In the fall of 1991, an unusual song found its way onto the radio. It was called “Mind Playing Tricks on Me,” and was performed by a Houston hip-hop trio called Geto Boys. A slow, mournful plaint, “Mind” relied on long, harmonically complex guitar samples—a departure from the short horn bursts and rapid drums then dominating hip-hop. If the song had an antecedent, it was the blues, not music you might have heard in a disco. Geto Boys—Scarface, Bushwick Bill, and Willie D—had deep, unmistakably Southern voices, and their lyrics didn’t celebrate or protest anything. “Mind” is an unsettling song, its opening couplets freighted with anxiety: “At night I can’t sleep, I toss and turn. / Candlesticks in the dark, visions of bodies being burned. / Four walls just staring at a nigger. / I’m paranoid, sleeping with my finger on the trigger.” For several months, “Mind” was on the radio all the time. Then Geto Boys—and Southern hip-hop—seemed to disappear. In the fourteen years since “Mind” was released, the band has showed up again on the Billboard pop charts only twice, most recently in 1996.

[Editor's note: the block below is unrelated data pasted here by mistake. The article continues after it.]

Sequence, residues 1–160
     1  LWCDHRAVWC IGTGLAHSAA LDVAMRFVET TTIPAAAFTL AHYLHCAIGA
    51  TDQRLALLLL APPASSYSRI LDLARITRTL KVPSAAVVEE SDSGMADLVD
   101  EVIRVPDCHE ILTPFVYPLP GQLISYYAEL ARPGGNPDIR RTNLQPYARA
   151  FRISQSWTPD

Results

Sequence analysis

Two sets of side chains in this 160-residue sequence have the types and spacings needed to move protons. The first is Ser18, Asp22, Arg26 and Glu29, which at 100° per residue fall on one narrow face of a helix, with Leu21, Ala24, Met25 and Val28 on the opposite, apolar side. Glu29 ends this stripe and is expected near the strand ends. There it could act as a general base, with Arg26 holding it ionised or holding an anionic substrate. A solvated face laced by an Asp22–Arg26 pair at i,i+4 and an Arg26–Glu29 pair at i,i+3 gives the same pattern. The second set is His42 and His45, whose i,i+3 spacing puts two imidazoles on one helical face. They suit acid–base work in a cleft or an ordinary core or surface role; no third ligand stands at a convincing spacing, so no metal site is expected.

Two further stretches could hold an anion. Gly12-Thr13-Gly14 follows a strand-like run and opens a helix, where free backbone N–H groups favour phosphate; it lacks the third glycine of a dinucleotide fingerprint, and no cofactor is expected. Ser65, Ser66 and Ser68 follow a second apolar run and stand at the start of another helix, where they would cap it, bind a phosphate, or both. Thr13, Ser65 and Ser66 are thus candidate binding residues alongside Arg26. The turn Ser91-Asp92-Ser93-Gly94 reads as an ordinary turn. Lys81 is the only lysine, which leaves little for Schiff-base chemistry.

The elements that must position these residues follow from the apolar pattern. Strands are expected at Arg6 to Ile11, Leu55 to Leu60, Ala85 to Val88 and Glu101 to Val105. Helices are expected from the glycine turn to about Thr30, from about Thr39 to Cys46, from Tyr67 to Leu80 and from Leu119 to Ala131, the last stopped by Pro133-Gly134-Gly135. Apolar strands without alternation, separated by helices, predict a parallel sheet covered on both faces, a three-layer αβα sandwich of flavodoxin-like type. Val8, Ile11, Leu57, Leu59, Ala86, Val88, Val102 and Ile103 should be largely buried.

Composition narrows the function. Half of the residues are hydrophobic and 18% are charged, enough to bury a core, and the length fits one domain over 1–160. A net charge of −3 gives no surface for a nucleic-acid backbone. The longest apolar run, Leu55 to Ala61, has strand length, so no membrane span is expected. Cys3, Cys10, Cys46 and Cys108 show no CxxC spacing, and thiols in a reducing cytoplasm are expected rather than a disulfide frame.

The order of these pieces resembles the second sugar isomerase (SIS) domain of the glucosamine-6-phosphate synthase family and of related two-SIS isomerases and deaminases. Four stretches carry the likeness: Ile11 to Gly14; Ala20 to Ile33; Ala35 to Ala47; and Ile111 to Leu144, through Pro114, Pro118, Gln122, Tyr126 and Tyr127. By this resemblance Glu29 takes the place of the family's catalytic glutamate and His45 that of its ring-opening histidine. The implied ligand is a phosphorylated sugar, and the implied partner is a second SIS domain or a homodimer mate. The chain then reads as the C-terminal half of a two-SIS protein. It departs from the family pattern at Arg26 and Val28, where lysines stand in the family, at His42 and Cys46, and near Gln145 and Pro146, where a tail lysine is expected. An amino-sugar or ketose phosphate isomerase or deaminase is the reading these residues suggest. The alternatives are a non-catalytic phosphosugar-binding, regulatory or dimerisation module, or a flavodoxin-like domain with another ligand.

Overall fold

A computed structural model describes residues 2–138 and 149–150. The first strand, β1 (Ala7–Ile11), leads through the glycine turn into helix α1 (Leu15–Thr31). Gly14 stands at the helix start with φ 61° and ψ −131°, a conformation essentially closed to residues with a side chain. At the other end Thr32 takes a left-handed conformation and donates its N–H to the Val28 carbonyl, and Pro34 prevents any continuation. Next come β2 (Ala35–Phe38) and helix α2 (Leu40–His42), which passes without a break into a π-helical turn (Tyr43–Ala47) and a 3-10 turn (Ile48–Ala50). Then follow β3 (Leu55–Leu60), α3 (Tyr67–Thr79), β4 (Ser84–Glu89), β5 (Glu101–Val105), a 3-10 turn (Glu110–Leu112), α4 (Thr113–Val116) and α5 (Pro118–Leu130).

more from Sasha Frere-Jones at The New Yorker here.